Show HN: Mitigating the spread of respiratory infections in indoor spaces


Hello HN,

Almost 15 years into being a (rather quiet) user of HN, I am thrilled to write my first Show HN post!

Early in the pandemic, we looked to devise a system that would drastically reduce the risk of spreading Covid-19 when people gathered in a room. The system would need to disinfect the air rapidly to keep the concentration of virions in the space low enough so the risk of cross infection would be drastically cut [1]. It became clear that an effective system would need to draw air away from the breathing space so that the exhaled air from an infected individual would not impinge upon an uninfected receptor via proximal exposure from breathing jets [2] or build up the virion concentration in the room. The air drawn away from the breathing space would then need to be fed into a disinfection stage to inactivate the SARS-CoV-2 virus.

The system would need to work at a high volumetric flow rate to draw as large a volume of air from the breathing space yet be quiet and unobtrusive. Next, the air drawn up and away would need to be sufficiently disinfected so that the air would be safe to inhale when returned to the breathing space. Fortunately, solutions for both problems existed – Large diameter overhead fans operating in upflow mode would achieve the first objective. If we could uniformly expose all the air drawn up by the fan with a high enough dose of UV-C [3] [4], we would achieve the second objective.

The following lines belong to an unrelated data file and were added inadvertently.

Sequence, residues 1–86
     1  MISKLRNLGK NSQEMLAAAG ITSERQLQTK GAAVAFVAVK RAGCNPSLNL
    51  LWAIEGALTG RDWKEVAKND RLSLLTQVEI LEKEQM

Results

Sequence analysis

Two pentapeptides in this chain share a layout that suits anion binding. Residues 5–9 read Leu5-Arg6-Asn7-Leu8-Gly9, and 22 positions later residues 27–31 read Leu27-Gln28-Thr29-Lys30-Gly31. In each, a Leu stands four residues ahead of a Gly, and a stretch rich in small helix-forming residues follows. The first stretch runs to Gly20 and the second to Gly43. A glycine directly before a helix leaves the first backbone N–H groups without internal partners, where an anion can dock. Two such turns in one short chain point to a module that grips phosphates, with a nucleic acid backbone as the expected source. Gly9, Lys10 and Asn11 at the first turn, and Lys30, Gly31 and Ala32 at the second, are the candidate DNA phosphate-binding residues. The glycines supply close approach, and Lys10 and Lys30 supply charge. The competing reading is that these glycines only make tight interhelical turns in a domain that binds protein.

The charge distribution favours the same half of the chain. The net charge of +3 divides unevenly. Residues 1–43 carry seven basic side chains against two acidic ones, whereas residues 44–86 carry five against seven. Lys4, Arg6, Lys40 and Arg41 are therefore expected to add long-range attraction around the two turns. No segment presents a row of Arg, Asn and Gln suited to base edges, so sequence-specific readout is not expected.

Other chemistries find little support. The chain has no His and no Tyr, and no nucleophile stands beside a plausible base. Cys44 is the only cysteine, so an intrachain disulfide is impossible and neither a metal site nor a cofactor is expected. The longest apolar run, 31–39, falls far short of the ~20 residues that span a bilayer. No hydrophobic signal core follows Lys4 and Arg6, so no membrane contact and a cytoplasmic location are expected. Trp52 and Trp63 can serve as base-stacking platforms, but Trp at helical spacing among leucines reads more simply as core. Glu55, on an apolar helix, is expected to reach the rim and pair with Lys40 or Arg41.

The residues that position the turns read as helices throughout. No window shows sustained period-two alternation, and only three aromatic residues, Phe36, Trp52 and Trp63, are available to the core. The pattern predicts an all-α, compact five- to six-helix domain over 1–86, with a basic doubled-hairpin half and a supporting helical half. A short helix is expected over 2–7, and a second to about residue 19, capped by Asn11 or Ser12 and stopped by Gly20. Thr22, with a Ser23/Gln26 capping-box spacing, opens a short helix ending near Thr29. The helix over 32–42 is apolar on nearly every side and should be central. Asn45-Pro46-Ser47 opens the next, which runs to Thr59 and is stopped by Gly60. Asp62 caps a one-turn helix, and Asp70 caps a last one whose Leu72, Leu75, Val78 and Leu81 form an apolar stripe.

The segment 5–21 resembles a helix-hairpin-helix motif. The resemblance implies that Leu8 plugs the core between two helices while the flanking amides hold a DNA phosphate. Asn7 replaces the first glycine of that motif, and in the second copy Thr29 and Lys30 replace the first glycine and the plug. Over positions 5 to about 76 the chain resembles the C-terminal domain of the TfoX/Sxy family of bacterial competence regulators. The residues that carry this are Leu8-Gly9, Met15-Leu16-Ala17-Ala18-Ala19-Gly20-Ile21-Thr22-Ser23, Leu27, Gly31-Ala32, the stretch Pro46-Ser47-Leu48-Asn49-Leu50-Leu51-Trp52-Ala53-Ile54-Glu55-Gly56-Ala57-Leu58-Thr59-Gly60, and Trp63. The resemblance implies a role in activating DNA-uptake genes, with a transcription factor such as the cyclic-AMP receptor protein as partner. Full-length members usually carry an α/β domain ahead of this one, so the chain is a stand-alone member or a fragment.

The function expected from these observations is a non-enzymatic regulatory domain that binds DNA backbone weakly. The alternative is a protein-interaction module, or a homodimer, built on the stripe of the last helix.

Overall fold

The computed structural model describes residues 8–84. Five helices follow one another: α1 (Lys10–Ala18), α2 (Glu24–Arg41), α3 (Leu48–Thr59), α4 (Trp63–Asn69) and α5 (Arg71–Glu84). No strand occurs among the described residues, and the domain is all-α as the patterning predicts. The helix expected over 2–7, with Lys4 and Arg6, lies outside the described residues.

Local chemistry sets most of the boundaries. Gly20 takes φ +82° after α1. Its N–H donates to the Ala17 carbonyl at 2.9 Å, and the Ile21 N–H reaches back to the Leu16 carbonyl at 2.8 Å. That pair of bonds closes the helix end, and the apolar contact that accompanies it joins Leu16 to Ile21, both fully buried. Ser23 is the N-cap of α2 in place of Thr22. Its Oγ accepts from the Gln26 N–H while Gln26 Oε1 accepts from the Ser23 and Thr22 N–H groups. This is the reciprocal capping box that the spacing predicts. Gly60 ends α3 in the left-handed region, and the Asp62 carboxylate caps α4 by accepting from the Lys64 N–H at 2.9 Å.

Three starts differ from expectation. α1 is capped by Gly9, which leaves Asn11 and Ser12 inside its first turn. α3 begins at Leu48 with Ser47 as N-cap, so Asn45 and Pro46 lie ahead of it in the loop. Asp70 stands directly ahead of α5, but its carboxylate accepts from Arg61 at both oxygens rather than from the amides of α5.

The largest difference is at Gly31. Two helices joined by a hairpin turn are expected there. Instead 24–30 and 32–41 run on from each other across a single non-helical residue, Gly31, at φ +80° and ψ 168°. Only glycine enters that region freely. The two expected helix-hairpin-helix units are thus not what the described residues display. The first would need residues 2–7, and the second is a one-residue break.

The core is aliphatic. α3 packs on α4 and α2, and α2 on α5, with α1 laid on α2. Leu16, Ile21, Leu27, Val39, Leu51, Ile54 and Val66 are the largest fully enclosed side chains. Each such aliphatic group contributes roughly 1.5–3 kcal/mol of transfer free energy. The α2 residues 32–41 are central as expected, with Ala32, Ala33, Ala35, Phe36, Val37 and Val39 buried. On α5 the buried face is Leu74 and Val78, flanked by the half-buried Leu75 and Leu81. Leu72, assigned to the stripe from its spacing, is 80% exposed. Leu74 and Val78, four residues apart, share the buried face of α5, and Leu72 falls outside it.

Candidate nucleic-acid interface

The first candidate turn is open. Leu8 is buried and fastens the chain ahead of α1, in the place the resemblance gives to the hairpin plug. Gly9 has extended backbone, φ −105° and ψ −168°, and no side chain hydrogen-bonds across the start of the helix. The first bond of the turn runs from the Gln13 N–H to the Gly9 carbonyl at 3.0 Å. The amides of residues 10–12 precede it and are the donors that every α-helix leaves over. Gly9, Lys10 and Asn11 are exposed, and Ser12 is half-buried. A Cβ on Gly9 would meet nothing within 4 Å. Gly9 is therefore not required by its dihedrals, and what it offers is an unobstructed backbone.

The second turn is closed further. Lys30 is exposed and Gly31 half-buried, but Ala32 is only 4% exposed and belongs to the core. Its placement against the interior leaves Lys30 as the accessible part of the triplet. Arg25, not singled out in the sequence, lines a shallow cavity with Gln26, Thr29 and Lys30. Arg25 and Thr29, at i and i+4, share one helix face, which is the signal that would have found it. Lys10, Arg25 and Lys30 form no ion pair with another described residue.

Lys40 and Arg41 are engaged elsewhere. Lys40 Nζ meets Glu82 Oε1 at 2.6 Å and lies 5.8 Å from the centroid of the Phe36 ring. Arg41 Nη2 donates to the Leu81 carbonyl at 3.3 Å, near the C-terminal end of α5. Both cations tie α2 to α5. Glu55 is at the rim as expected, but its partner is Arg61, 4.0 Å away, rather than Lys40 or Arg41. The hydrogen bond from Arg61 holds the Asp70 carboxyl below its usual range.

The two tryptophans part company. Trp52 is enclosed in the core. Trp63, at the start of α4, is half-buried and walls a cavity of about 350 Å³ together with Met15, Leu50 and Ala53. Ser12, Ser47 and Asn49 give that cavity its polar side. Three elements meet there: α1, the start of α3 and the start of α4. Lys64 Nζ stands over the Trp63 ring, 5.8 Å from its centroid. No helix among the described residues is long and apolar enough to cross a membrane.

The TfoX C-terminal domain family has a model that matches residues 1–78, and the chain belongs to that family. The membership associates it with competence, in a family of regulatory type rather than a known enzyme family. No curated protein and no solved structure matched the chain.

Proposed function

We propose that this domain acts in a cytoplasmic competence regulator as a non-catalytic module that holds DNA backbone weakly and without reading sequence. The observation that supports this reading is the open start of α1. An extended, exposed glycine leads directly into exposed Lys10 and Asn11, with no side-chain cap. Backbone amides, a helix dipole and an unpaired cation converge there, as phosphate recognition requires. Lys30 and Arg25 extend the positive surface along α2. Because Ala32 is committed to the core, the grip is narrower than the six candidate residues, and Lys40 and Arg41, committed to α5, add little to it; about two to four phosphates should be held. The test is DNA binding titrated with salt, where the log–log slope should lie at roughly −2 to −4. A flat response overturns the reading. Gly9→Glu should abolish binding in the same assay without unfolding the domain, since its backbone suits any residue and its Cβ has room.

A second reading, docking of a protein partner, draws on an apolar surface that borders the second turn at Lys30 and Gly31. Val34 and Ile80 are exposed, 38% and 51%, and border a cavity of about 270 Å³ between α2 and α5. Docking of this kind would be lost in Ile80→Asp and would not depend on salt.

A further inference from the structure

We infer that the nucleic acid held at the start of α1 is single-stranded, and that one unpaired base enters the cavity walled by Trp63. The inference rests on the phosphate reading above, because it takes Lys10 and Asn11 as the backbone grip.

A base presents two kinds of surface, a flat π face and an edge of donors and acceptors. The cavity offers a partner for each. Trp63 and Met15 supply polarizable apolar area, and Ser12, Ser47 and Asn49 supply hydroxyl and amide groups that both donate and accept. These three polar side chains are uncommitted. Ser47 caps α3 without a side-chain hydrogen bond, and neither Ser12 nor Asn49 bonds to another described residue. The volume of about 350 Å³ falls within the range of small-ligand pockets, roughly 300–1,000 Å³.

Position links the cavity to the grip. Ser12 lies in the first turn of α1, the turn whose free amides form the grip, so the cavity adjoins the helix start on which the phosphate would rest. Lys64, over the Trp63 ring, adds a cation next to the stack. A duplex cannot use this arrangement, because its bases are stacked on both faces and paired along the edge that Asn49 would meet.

This is what we came up with ( ) and a simplified exploded view of the halō ( A video of it in operation is here:

The halō draws 2000 cfm from the breathing space. All that air is directed into a toroidal chamber containing a UV-C light ring with a total (UV-C) flux of over 100 W. The air speed and flux are calibrated to deliver a dose to the air that results in a continuous 99.8% inactivation (“2.7 log reduction”) of coronaviruses. The “log-reduction” for other airborne pathogens depends on the pathogens’ UV-C susceptibility factor [5].

Finally, for those in the Los Angeles area, we are happy to do an in-person Show HN. Send me an email!

[1] Research suggests between O(1)-O(3) virions need to be inhaled to trigger an infection. The number would vary depending on the pathogen and variant.

[2] Various researchers have analyzed respiratory jet dynamics with unmasked subjects such as and

[3] Ultraviolet Light C (UV-C) has long been known to be highly effective in inactivating airborne disease-causing pathogens like coronaviruses and mycobacterium tuberculosis:


[5] (pdf)

Charlie Layers

Charlie Layers

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